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Danjuro II

The Gift of Fudo (1688-1758)

Danjuro II
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When his wife was unable to conceive, Danjuro I is said to have prayed to the ferocious, demon-quelling deity Fudo at the family temple of Shinshoji in Narita. A son was born who would go on to become Danjuro II. He was thus nicknamed the Gift of Fudo.

He first appeared on stage at the Nakamura-za theatre in 1697 at the age of ten, alongside his father in the play Origin of the Soga Warrior (Tsuwamono Kongen Soga). He played the roles of the mountain priest Tsurikibo and the manifestation of the deity Fudo Myoo.

At the age of seventeen he took the name Danjuro II, just five months after his father’s unexpected death in 1704. But for several years he struggled to gain major roles.

Fortunately, Danjuro found a major ally in Ikushima Shingoro, a master of the more sensitive wagoto style of acting and the artistic heir to Nakamura Shichisaburo I. Thanks to the training he gained under Shingoro, Danjuro was able to broaden his acting range, mastering not just aragoto, but sensitive wagoto roles, realistic jitsugoto parts and love scenes. Danjuro enjoyed success in the archetypal wagoto role of Tokubei, the love-struck clerk in Chikamatsu Monzaemon’s Love Suicides at Sonezaki (Sonezaki Shinju).

In the fourth month 1713, at the age of twenty-six, Danjuro first played the signature Ichikawa role of the handsome dandy Sukeroku in the play The Flower Mansion & the Protective Cherry Tree (Hana Yakata Aigozakura) at the Yamamura-za. Danjuro would return to this role throughout his career, with his third and final attempt at the part thirty-six years later in 1749 establishing the costume and production conventions that are still used today.

In 1714 Danjuro became embroiled in a major scandal when his mentor Ikushima Shingoro was accused of conducting a secret affair with Ejima, a lady-in-waiting to the shogun’s mother. Danjuro escaped with a light punishment, but Shingoro was exiled to a distant island.

Danjuro II’s achievements were many – he refined the art he inherited from his father, as well as adding new plays like Sukeroku, The Arrow Sharpener (Ya no Ne) and The Tweezers (Kenuki) to the aragoto repertoire, thus establishing the Ichikawa family tradition. He was able to accomplish this because of the new expressive style of acting he developed through adding softer wagoto style elements to the central aragoto techniques. Danjuro II’s style struck a chord with his times and he enjoyed massive popularity in Edo. The stylized facial make-up known as kumadori was also perfected by this Danjuro.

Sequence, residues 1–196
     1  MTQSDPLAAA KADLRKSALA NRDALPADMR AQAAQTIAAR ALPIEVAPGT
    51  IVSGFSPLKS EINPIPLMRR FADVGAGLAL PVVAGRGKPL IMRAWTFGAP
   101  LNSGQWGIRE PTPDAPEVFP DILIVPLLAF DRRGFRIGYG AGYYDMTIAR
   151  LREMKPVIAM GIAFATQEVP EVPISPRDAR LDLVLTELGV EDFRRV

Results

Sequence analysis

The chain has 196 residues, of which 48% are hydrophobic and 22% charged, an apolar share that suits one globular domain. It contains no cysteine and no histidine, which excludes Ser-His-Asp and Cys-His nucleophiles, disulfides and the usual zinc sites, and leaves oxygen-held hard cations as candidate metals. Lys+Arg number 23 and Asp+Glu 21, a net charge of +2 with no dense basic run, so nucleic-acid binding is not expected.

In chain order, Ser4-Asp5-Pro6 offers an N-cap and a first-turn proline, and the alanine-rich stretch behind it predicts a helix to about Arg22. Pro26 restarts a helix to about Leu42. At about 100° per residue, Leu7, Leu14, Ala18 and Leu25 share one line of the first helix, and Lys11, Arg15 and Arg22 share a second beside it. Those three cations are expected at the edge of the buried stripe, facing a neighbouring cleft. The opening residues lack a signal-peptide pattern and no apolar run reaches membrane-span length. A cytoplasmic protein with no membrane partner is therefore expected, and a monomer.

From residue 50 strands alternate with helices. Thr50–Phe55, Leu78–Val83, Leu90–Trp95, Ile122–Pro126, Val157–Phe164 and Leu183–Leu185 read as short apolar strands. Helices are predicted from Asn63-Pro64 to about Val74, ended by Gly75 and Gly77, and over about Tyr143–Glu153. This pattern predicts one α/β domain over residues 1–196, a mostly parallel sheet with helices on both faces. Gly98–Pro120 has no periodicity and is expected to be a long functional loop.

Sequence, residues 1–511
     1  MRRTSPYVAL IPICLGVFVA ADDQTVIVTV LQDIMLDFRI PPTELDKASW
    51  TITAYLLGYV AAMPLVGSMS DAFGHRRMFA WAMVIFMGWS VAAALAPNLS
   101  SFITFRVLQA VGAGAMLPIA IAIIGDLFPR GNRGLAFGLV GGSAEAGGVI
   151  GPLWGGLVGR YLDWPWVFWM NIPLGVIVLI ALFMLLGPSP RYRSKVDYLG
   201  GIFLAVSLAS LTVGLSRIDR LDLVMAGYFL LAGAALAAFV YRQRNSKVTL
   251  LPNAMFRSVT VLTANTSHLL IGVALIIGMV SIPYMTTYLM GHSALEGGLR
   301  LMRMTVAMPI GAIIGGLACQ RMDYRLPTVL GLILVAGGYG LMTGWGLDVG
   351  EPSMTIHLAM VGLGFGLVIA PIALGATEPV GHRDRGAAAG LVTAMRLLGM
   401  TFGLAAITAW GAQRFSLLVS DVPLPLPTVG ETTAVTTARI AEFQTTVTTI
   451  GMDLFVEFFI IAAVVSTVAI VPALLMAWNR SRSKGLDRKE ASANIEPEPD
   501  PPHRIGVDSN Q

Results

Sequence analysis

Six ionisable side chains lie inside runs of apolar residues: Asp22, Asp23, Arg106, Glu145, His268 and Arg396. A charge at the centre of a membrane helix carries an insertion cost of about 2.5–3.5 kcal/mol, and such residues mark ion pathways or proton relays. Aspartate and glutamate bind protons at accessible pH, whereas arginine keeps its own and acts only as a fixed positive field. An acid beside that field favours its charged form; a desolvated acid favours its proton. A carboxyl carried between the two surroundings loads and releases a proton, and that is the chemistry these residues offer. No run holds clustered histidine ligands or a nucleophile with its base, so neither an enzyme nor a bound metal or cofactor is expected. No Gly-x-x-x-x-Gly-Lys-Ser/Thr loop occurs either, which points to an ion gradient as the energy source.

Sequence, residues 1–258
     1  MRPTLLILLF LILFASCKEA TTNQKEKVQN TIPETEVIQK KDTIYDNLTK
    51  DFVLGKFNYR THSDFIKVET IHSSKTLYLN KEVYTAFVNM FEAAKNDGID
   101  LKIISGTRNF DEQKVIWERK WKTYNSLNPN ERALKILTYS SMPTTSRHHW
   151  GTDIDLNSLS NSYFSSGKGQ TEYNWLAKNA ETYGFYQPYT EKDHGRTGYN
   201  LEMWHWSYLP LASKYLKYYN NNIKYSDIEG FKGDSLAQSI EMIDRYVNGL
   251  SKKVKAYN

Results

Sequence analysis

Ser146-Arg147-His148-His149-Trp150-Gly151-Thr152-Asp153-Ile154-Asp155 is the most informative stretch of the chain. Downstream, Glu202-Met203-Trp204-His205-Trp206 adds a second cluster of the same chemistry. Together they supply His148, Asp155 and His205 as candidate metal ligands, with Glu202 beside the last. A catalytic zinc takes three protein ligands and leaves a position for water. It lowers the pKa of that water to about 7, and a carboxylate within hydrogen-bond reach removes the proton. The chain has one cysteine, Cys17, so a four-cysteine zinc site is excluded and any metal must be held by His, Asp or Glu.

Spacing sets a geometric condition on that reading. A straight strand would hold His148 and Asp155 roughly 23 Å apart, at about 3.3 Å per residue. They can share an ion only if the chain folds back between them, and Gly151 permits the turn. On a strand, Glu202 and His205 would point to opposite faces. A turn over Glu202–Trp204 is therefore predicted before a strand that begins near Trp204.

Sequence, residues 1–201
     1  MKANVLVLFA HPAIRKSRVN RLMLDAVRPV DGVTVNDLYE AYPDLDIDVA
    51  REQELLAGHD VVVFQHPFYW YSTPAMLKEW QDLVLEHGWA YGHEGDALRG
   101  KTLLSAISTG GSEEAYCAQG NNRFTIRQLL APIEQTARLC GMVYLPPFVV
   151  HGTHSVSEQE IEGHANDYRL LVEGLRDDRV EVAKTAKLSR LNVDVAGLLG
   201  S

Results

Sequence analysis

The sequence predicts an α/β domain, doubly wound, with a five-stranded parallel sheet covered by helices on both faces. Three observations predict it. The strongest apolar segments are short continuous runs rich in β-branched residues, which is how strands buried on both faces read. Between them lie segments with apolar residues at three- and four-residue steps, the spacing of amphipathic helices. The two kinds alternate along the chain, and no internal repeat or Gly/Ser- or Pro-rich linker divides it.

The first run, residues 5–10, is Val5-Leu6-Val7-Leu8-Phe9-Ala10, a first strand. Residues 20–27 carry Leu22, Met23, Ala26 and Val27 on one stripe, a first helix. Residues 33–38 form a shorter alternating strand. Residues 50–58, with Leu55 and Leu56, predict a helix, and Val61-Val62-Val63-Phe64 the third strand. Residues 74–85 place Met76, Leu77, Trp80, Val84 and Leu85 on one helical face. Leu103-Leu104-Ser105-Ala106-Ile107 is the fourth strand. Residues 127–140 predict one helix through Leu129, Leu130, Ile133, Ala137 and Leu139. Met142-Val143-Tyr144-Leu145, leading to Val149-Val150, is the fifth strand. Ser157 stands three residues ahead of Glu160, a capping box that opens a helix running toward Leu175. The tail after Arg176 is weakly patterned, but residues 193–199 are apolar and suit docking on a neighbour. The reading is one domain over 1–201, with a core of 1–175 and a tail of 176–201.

In 1721 at the age of thirty-four Danjuro achieved the unprecedented annual salary of one thousand gold pieces.

In 1735 at the age of forty-eight, he passed on the Danjuro name to his adopted son Masugoro, who thus became Danjuro III. He himself took the name Ebizo II.

In 1741 he went on tour to Osaka, where his portrayal of Kumedera Danjo in The Tweezers (Kenuki) was acclaimed by Osaka audiences. However, while in Osaka he received the news that his adopted son, Danjuro III, had passed away. He refused to give into despair, completing his engagements in Osaka and returning to Edo in the ninth month of the following year.

In 1754 he adopted the mature actor Matsumoto Koshiro II (aged forty-four at the time), and had him named as Danjuro IV.

Like Danjuro I, he excelled in haiku. Danjuro II was responsible for building the foundation by which successive holders of the Danjuro name were held in special regard by the commoner audiences of Edo.

He died on the 24th day of the ninth month, 1758, aged seventy-one.

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Text : Hattori Yukio, Ichikawa Danjuro Daidai. Tokyo: Kodansha, 2002.
Illustrations : Collection of the Tsubouchi Memorial Theatre Museum, Waseda University.
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